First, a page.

View has revisited some of the people and places it reported on in the last several months. Among them:
--Hollywood's Masquers Club, which because of declining funds sold its building and moved.
--Jimmy and Ricky Sperry, blinded in an accident 11 years ago, who received cornea transplants in August.
--Balu Natarajan, who triumphed over 167 other youngsters to win the National Spelling Bee in June.
Rory Clark says he is not particularly religious. But recalling when his wife, Karen, was rushed to UC San Diego Medical Center in premature labor with their first child, he said: "We know there is a God. We were in the right place at the right time."
At first, they were told that their daughter Jennifer, born two months too early, would not survive. She weighed less than three pounds and suffered from a severe case of respiratory disease syndrome. Because the hospital is the only one in the country to keep an amniotic fluid bank, Jennifer became the ninth infant in the nation to receive human surfactant, a soaplike substance found in the amniotic fluid of mature fetuses.
In a July story, the Clarks credited the rare and experimental substance with helping Jennifer breathe on her own and avoid the need for long-term, artificial ventilation, which is blamed for chronic lung disease in one-third of such cases.
Now that Jennifer is a happy and healthy 2-year-old, the Clarks have discovered that Karen is pregnant again. "My first reaction was paralysis," said Rory Clark, who worried that the uterine deformity that caused his wife's first preterm labor will cause another.
Once more, he believes they are in the right place at the right time. Now, through another unusual program at UCSD, the couple are receiving state-of-the-art instruction in how to prevent premature births.
Looking for Warnings
The program--one of five in the country--focuses on training high-risk pregnant women to detect the signs of premature labor, said Dr. Thomas Key, director of perinatal medicine at UCSD. Those at risk include women with previous preterm deliveries or uterine malformations, like Karen Clark; those carrying multiple fetuses; those with several previous uterine operations; those who bleed throughout pregnancy, and drug users, he said. They are taught to detect subtle signs of early labor such as unusual contractions and pelvic pressure, mucus discharge, diarrhea or nausea, he said.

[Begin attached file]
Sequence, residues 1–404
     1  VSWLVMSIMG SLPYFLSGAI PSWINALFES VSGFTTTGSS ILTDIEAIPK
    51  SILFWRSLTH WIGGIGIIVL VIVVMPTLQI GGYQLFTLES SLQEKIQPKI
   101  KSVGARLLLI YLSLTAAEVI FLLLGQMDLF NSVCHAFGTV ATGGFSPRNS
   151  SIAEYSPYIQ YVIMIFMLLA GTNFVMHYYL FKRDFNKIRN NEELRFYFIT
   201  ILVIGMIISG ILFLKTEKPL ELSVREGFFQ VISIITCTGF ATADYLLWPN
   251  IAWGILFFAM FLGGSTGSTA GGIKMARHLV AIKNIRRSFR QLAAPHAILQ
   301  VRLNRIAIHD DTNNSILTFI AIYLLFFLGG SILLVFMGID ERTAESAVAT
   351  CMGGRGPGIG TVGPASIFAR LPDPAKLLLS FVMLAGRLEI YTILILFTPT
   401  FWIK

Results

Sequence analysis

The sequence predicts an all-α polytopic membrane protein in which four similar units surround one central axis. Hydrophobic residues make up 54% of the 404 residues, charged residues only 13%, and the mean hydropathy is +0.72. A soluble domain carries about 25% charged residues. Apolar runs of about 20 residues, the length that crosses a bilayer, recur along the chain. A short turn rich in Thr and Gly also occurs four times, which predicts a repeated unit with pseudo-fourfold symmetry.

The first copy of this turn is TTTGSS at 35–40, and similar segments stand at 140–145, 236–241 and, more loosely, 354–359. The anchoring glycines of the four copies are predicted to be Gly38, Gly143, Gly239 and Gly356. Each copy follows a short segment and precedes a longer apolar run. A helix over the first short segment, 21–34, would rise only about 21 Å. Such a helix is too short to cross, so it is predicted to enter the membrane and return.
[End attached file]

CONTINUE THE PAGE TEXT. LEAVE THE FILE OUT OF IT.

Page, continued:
Those who detect the signs and come to the hospital immediately may be given drugs to halt labor contractions, he said. In the last four years, the program has reduced premature births by 75% among women in the study, he said.
Both Key's study and UCSD's amniotic fluid bank are funded by the March of Dimes, which calls premature births the leading unresolved issue in obstetric health care. About 7% of all births are premature and prematurity is the cause of death in the first month of life for 75% to 90% of all otherwise normal newborns, according to the March of Dimes. As many as 40% of mentally disabled adults were premature babies, Key said.
"There are no guarantees in this, but I remain optimistic, Karen's got a good chance for a good outcome," Key said.
"The first time, I was not aware of anything," said Karen Clark. "I thought it (labor) was gas. This time, when it starts to happen, I'll be prepared. I'll call the doctor and lie down."
Rory Clark said he is looking forward to whatever happens. He said he is still not religious. "But I believe a baby is a blessing. It's a spiritual experience for me and that excites me."